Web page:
Although both cameras are able to deliver premium videos, their autofocus system depends on contrast detection in videos, which is not that trustworthy. This is why manual focus is a better option.

9. Display

  • Nikon D7200: 1,229,000-dot fixed TFT, 3.2-inch
  • Nikon D7500: 922,000-dot tilting TFT, 3.2-inch screen

Even though the newer camera has a lower resolution than the predecessor, it boasts the perk of being positioned on a tilting hinge. This allows the display to be mounted downward or upward to allow a better view. Plus, the touch sensitive LCD screen of the newer model is a benefit. Even the menu options can be chosen by touch alone.


Nikon D7500 is given a flip-down/up display. Although the flip touchscreen is meant to be useful for videography, the lack of ability to employ the back panel as the autofocus point touchpad makes the touch sensitivity less appealing. Yes, the touchpad addition in the Nikon D5600 was only beneficial for professionals who apply the right eye on the viewfinder.

The LCD panel is now brand new as well, but you should not give much attention to the inferior dot resolution. Even if the new LCD panel is only 922k dots, instead of 1.2 million dot resolution, the contrast is that it is not a white dot leading to each pixel. Both of the screens showcase 640×480 pixels.

10. Battery Type and Life

The battery life of the newer model has dropped by 15%. This decrease might be a consequence of the demands of the quicker processor and likely less energy efficient display. It employs the latest variant of the EN-EL15 battery known as the EN-EL15a.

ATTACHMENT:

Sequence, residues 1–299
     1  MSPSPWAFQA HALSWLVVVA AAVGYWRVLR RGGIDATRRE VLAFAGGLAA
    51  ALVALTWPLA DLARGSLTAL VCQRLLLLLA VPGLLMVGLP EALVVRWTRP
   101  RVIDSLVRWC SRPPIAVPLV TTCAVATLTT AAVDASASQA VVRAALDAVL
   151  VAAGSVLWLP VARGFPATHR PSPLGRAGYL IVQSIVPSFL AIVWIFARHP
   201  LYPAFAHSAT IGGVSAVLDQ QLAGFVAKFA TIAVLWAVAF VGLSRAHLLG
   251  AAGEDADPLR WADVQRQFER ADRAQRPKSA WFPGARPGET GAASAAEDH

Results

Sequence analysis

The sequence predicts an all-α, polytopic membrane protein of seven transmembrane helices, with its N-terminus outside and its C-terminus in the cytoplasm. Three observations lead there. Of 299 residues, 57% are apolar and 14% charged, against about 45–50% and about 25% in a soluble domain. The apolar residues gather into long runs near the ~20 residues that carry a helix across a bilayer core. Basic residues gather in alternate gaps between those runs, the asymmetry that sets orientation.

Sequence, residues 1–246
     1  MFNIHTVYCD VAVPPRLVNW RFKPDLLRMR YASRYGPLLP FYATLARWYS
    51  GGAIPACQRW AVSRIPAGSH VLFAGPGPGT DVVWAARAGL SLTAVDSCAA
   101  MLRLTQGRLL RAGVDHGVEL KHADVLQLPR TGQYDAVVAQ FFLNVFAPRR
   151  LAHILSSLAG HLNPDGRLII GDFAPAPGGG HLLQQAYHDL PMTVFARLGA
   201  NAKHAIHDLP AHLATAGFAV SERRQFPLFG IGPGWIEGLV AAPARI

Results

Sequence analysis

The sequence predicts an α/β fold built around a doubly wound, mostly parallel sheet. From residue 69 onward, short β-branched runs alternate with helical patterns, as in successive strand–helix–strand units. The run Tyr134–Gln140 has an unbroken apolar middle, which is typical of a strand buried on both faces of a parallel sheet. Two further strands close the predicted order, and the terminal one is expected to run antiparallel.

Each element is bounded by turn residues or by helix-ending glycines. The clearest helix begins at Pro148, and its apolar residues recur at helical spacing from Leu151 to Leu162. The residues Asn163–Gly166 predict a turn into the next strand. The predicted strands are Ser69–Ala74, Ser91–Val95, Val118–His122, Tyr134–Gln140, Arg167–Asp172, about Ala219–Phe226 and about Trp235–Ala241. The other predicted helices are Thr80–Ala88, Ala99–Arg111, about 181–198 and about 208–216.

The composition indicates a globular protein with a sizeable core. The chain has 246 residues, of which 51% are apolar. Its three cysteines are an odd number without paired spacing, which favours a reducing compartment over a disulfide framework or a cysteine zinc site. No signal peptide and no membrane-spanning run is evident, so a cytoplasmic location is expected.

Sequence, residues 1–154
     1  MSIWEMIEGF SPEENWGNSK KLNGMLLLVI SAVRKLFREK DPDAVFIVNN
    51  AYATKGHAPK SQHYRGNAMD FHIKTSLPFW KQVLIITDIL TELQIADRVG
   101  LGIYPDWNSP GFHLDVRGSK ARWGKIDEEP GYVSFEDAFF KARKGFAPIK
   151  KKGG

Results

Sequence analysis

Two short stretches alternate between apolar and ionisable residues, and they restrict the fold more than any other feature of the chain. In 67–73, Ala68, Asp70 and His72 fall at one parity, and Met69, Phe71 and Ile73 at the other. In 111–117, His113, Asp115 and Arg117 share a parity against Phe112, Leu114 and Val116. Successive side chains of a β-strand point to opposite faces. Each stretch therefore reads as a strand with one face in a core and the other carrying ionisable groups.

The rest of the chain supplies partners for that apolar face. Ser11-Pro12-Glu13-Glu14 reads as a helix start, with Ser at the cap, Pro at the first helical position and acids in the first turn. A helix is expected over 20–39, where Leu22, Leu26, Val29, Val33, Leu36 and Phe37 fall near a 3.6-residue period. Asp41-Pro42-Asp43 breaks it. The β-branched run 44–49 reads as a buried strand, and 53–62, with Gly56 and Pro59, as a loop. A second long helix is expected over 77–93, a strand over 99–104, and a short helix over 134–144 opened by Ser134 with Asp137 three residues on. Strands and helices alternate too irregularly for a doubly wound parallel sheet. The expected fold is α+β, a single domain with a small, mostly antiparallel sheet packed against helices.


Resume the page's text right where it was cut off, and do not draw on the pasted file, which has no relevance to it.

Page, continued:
Aside from the arrival in a light grey plastic case, the brand did not unveil about what’s new. One can assume that the brand is making it simpler to differentiate between the latest variant of the EN-EL15 and the previous ones that are not compatible with the latest cameras.

11. Autofocus Auto Fine-tune

Are you curious to know another decent addition to the Nikon D7500? It is the autofocus Auto fine-tune system, which enables you to determine the focus correctly in the live view so that the camera can afterwards check this against the outcome of the individual phase detection autofocus points. The potential difference is captured as a correction value.

It is a handy feature as it enables the photographer to calibrate the lens without the significant extent of trial and error needed for the predecessor’s autofocus fine-tune system. The latter system basically demands users of the camera or photographers to guess and check out the correction value.

The autofocus fine-tune system should not be thought of as a solution. This technology applies just one correction value for all the focus points. In simple words, do not expect the autofocus fine-tune system to significantly boost the performance of off-center focus points, which are not so trustworthy, especially with the lens that showcase circular errors.